If you are to read that the average person’s marketing data is worth 10 cents but a pregnant woman’s data skyrockets to $1.50, will you dismiss it as rubbish? Well, Janet Vertesi, a Sociologist opined so. She went to great extremes to hide her pregnancy from the data world, to avoid being collected, being tracked and being placed into databases. She later shared her story to shed light on the overall political and social implications of data collecting bots and cookies.

In India, the UIDAI is the largest collector of personal data and many health services have made it mandatory to submit Aadhaar card to avail services. Some states have started Aadhaar card linked ID (2) to track the pregnancy of citizens. Also, there are numerous “Aadhaar related problems” that prevent women from accessing their maternity benefits (3). Hidden Pockets has written extensively about the conundrum of UIDAI and Sexual and Reproductive Health and Rights.

Personal Data Protection Bill 2019 to the rescue?
India is on the brink of having the first-ever law that promises data protection, privacy and digital empowerment of citizens. It aims to regulate the collection, storage and sharing of citizen’s personal data by government, companies incorporated in India and foreign companies which deal with personal data of customers in India.

As the Personal Data Protection (PDP) Bill 2019 is being analyzed by a Joint Parliamentary Committee in consultation with various groups, there is much concern that the bill, in its current form, does little to safeguard the citizen’s privacy. If this bill goes onto become a law, it can do serious damage to individual privacy.

The retired Supreme Court Judge B.N.Srikrishnan who was behind the first draft of the PDP Bill of 2018 has called out on the serious flaws (4) in the current bill and how it is a far cry from the draft submitted by his committee in 2018.

Those with hyper national interests may justify the perceived serious flaws as the necessity to balance safety and privacy in the best interest of the nation. The risk of surveillance, validated through the exemptions in the bill, might, in fact, be welcomed by them. The fact that the Data Protection Authority of India (DPA) will not be an independent body but an extension of government may not ring alarm bells for many. The PDP bill 2019 that is supposed to safeguard the privacy and protect the data of the citizens is ironical now, as it is obvious that the bill is by the government, for the government and frighteningly of the government! And if and when you have a government which is not by the people, for the people and of the people; and this bill becomes a law, then surely it will be very dangerous for all.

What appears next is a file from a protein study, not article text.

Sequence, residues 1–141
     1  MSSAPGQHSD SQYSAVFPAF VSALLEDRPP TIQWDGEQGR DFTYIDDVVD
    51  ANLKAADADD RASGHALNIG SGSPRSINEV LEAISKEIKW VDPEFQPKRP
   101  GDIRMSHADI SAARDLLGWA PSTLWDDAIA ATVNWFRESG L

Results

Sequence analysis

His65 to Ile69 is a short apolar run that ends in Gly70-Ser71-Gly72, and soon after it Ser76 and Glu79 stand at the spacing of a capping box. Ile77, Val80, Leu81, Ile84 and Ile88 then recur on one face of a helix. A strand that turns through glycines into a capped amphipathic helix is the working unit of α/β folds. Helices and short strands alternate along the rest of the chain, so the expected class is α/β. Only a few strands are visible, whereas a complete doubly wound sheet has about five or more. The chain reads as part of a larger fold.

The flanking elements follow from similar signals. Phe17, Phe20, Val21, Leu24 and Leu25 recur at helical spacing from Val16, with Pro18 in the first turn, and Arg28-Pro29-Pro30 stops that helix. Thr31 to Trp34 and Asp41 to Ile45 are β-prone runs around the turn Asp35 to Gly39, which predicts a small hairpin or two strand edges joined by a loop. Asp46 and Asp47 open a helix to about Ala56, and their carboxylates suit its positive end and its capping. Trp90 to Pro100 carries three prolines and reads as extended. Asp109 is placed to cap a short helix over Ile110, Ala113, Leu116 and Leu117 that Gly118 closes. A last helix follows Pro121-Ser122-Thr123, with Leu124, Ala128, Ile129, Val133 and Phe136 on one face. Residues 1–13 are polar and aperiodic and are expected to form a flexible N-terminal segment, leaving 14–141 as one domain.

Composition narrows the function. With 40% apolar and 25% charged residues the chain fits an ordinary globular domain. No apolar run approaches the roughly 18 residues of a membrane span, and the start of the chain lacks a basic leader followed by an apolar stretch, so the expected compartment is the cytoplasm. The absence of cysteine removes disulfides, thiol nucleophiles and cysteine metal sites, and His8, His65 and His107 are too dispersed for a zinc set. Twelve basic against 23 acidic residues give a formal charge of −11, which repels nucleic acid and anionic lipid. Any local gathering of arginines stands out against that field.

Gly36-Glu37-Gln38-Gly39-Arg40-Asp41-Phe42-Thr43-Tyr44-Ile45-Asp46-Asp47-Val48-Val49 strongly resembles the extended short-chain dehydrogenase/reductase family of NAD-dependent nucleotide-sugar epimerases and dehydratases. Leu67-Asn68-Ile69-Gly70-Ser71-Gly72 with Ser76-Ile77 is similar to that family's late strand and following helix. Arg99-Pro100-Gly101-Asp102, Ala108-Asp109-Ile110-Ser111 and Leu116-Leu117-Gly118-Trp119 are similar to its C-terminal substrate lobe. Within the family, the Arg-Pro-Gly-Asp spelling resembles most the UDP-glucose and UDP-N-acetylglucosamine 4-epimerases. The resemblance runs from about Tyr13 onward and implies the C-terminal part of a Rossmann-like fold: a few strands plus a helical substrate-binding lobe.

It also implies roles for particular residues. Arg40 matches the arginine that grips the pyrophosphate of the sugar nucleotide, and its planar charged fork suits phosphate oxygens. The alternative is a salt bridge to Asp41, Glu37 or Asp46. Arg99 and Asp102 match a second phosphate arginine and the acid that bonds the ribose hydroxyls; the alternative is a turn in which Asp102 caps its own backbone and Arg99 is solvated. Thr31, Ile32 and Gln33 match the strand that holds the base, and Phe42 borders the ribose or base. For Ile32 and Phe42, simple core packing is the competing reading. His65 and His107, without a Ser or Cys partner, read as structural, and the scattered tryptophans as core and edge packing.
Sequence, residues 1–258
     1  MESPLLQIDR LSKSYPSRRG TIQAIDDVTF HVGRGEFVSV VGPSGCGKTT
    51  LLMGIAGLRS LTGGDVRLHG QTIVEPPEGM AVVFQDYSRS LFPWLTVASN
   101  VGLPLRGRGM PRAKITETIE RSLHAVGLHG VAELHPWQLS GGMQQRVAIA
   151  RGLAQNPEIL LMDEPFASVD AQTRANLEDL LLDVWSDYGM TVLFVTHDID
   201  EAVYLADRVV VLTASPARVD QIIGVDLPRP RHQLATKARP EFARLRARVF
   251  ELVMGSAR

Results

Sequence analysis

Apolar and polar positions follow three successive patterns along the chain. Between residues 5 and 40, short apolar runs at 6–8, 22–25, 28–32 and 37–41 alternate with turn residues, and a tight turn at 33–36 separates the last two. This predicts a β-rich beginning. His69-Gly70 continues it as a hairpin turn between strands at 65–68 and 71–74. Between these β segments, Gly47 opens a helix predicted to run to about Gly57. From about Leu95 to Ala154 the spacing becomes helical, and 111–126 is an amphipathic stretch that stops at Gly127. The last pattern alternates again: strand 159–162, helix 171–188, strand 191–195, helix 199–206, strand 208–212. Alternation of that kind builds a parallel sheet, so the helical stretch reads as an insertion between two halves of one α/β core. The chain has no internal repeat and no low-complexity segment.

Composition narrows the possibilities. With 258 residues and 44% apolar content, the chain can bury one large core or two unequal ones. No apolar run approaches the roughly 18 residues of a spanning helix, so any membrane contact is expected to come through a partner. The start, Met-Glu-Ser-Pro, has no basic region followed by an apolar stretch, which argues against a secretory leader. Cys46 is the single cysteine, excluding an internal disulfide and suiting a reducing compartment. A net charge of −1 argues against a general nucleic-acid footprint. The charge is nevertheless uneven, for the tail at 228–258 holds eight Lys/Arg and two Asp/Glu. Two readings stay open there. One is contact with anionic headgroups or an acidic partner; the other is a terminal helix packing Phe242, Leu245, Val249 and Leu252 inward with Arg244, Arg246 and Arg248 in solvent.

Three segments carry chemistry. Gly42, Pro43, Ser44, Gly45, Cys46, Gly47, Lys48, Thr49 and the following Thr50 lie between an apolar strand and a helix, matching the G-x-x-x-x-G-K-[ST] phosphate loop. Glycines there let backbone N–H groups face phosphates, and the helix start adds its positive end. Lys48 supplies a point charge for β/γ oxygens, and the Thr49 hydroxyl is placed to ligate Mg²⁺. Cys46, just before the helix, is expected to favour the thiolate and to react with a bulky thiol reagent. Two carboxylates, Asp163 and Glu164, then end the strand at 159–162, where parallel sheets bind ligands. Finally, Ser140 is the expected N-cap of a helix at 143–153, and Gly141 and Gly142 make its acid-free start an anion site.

1^”101: Data Protection.” Privacy International, 12 October 2017, https://privacyinternational.org/explainer/41/101-data-protection

2^ “State to use Aadhaar-linked ID to track every pregnancy.” Deccan Herald, 25 April 2019, https://www.deccanherald.com/state/top-karnataka-stories/state-to-use-aadhaar-linked-id-to-track-every-pregnancy-730729.html

3^ Khera, Reetika. “How Aadhaar is making it harder for Indian women to access their maternity benefits.” Scroll.in, 7 December 2019, https://scroll.in/pulse/945587/how-aadhaar-is-making-it-harder-for-indian-women-to-access-their-maternity-benefits

4^ Saigal, Sonam. “Data Protection Bill not in line with draft: Justice Srikrishna.” The Hindu, 14 December 2019, https://www.thehindu.com/news/national/data-protection-bill-not-in-line-with-draft/article30307560.ece